Challenge: Tis the season for customers to think “sale.” However, while customers are concentrating on transactions, companies need to think beyond the holidays. We hope the following 4 tips will help you move beyond “quickie transactions” for the 2013 holiday season to creating relationships for 2014 and beyond.
1. Understand the journey customers take with your company, from prospect to loyal customer. Know what each customer segment requires and deliver on your brand promise at every stage of their customer journey. See our previous article DM News Spotlight Article, The Sales Funnel is Dead.
2. Be a Holiday Shopping Resource.
Consumers will be receiving hundreds, if not thousands, of sales offers. By asking them to tell you about their needs and then helping with personalized solutions, you will cut through the clutter and create a competitively differentiating shopping experience.
Your customer service actions are all for naught unless you focus on the factors that create real positive customer experience impact for your customers.
Fatigue. Exhaustion. Disappointment. That’s what you’ll find at the end of the day filled with customer service actions that don’t serve real positive customer experience creating purpose for your customers.
You can answer calls, respond to email, and do exactly what customers have requested, but you’ll see little satisfaction and fulfillment unless it all comes together to accomplish something greater.
Everyone offers customer service in some form or another but some companies get it right time and time again while others continue to under-impress. Why does working with certain organizations seem like a delight, while others are painful experiences we try to avoid?
What are the key goals for those organizations that seem to be doing customer service right? I think that they can be summarized in what Mike Myatt talks about in Hacking Leadership. I’ve adapted Mike’s pursuits of leadership in 7 noble pursuits of great customer service leaders.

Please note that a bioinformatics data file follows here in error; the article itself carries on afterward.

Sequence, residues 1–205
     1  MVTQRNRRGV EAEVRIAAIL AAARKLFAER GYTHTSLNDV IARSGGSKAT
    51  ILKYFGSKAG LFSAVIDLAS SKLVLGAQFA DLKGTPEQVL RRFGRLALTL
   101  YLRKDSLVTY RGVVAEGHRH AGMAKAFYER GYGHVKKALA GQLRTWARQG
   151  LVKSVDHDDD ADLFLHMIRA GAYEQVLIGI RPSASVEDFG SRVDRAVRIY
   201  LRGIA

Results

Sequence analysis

According to an article in New York Times, Americans spend roughly 37 billion hours each year waiting in line . The dominant cost of all this waiting is an emotional one: stress, boredom, that nagging sensation that one’s life is slipping away.
In a recent poll of shoppers in the UK, US, Canada, Australia, Germany, Italy, Russia and Singapore shows British shoppers will do almost half their Christmas shopping in 2013 without stepping into a store, with many saying that the reason is that they want to avoid Christmas queues. The UK figure compares with 35 per cent of international shoppers who are planning to do the same.
So in this age of the customer, why do we wait in line - and why do we hate it so much?
The reason why queues form is quite simple to answer: there are more customers than people to serve them. The more interesting question is how it makes us feel – the emotional side of the coin. David Maister the former Harvard Business School professor wrote an article already in 1985 called the psychology of waiting lines.
He formulated “The First Law of Service”, a simple, but yet powerful formula:
This post was originally posted in August 2012. Since that time I have seen the idea customer experience improvement consistently increase in popularity. That is a good thing, and hopefully, our discussions here at CTS have had some small impact. In that context, however, I thought it would be a good time to revisit this post. Customer experience and customer service are among the most important disciplines in any organization, but they are not all that matters.
Obviously, we focus almost exclusively on the topics of customer service and the customer experience here at Customers That Stick. We believe that a great customer experience and superior follow up are some of the key differentiators between a healthy organization poised for long term success and an unhealthy enterprise bleeding out its potential future.
Such lofty beliefs in the power of great customer service beg a simple question: is great customer service enough?
Professional services firms, like management consulting, financial services, and information technology, are involved in complex projects that engage large on-site staff over an extended period of time. They have extended capabilities to engage in a wide variety of work.
For these types of projects, mining every possible asset for identifying and qualifying leads has significant revenue and profit payoff. This is a case where ever stone must be turned over.
Beyond marketing, there are four major sources for identifying leads: